Latest Echinoderm Reference Libraries

Eccentric Sand Dollar, Dendraster excentricus
2013-11-21 12:20:48

The Eccentric Sand Dollar (Dendraster excentricus) known also as the Sea-Cake, Biscuit-Urchin, Western Sand Dollar, or the Pacific Sand Dollar, is a member of the order Clypeasteroida, better known as sand dollars, a species of flattened, burrowing sea urchins located along the Pacific Ocean from Alaska to Baja California. This species is an irregular echinoid that is flattened and burrows into the sand, unlike the regular echinoids, or sea urchins. It can be found living within the...

Echinus tylodes
2013-11-15 10:51:41

Echinus tylodes is a species of sea urchin belonging to the Echinidae family. It’s white with rather sparse pink colored spines and is native to the eastern coast of North America including the Gulf of Mexico. This species has a sub-globular test that is about two-thirds as high as it is wide and grows to a diameter of 4 inches. The joints that are between the ambulacral plates and the pores through which the tube feet project are both sunken below the general surface of the test. The...

Edible Sea Cucumber, Holothuria edulis
2013-11-01 10:54:43

The Edible Sea Cucumber (Holothuria edulis) also known as the Pink and Black Sea Cucumber, is a species of echinoderm belonging to the family Holothuriidae. It was placed in the subgenus Halodeima by Pearson in the year 1914, making its full scientific name Holothuria (Halodeima) Edulis. It can be found in shallow water within the temperate and tropical western portion of the Indo-Pacific Ocean. This species is of medium size and can grow to a length of about 12 inches. It has a roughly...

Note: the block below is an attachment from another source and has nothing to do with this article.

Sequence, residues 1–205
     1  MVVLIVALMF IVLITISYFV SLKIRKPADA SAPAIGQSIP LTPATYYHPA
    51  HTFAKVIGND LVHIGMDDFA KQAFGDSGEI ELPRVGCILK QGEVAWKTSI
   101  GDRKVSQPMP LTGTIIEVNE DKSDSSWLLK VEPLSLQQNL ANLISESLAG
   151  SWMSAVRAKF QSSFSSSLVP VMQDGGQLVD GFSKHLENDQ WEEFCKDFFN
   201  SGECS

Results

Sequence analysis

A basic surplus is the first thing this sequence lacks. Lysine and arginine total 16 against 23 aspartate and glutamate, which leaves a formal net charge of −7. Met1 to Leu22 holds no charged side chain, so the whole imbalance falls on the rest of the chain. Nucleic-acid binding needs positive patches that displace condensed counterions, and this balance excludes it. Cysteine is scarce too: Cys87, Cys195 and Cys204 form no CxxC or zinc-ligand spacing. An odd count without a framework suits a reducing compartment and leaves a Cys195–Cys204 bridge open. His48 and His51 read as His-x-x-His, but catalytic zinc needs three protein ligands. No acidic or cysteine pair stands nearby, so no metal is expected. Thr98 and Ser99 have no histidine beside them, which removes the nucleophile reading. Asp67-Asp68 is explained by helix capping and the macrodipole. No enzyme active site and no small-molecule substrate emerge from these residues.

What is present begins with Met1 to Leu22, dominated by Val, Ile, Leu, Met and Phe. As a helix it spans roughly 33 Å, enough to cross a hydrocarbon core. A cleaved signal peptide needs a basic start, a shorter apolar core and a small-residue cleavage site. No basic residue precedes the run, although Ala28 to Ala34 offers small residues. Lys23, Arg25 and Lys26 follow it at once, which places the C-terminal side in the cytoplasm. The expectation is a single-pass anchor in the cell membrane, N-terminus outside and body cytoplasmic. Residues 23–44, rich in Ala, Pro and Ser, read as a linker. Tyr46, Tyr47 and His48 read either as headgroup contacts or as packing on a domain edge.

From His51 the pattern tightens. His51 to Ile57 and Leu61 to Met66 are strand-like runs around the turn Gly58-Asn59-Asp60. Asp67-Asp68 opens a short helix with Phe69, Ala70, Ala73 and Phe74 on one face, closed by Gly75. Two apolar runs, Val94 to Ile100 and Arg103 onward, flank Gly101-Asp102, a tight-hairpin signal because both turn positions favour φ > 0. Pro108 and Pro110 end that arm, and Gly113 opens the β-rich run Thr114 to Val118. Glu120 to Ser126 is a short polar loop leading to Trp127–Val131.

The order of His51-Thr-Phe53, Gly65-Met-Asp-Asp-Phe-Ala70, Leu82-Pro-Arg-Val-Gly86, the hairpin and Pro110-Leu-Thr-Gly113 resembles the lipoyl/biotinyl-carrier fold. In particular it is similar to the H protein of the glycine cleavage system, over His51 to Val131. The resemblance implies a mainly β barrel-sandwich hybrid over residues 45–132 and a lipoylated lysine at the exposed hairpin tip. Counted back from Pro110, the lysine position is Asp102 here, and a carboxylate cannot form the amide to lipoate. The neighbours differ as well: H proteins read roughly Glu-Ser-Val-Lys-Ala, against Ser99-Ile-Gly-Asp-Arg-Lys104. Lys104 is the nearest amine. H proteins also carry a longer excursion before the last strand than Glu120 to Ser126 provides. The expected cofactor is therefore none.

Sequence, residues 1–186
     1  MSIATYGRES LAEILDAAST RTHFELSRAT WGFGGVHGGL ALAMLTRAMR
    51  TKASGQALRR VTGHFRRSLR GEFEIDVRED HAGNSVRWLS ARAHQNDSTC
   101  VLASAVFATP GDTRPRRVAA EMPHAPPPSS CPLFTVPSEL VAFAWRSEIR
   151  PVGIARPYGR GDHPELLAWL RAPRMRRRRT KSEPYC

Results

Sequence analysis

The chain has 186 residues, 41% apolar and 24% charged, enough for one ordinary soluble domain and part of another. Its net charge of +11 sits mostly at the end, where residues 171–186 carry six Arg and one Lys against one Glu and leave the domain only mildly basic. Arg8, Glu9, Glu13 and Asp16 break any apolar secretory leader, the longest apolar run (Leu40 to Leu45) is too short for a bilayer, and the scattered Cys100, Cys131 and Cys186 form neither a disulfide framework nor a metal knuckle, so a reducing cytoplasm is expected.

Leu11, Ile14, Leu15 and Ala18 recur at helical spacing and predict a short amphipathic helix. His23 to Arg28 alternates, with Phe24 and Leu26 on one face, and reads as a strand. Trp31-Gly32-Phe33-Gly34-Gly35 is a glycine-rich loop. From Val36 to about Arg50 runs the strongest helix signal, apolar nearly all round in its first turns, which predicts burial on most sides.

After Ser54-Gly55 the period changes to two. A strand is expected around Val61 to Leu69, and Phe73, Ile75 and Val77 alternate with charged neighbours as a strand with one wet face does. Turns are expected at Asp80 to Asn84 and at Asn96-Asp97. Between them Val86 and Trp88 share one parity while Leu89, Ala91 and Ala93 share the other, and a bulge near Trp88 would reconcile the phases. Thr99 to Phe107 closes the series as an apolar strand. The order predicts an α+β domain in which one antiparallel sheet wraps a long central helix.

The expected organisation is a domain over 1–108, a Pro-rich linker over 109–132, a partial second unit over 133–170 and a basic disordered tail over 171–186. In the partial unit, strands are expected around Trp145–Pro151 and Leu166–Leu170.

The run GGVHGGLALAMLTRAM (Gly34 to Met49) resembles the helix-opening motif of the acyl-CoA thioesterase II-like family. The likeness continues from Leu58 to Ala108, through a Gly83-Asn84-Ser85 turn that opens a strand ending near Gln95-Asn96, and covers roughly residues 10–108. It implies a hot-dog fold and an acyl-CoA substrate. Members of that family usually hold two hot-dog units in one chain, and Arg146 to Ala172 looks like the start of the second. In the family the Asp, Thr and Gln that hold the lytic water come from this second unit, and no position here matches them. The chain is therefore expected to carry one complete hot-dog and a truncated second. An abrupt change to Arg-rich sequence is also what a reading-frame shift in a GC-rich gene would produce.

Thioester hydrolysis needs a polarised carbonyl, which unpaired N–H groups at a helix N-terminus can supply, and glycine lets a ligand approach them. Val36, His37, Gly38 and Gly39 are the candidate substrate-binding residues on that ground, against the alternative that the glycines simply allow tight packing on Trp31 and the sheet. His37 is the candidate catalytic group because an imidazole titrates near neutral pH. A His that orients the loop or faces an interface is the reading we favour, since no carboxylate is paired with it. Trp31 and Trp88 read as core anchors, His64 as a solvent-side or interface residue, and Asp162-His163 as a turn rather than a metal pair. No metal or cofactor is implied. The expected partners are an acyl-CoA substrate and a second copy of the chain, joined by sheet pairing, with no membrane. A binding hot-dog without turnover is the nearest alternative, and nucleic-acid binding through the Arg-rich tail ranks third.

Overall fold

Blue Spiny Starfish, Coscinasterias tenuispina
2013-08-11 13:40:45

The blue spiny starfish (Coscinasterias tenuispina), also known as the white starfish, is a species that is classified within the Asteriidae family. It can be found in the Mediterranean Sea and the Atlantic Ocean. Its range includes the coasts of Portugal, France, Cuba, Brazil, various islands in the Atlantic, and the coasts from North Carolina to Santos. It prefers a habitat along shorelines at depths of up to 160 feet. This species holds more female members than males. The blue spiny...

Mediterranean feather star, Antedon mediterranea
2013-05-18 06:26:42

The Mediterranean feather star is a filter feeder that obtains food by straining suspended matter and food particles from water. The star has a stalk that has up to forty tendrils, (threadlike organs) which help the star cling to hard surfaces. The “body” of the star is called a calyx and is shaped like a small cup. This calyx is surrounded by feathery pinnules bearing arms. These arms are quite unique in the fact that they can regenerate if one should get broken off; these arms extend to...

More Articles (7 articles) »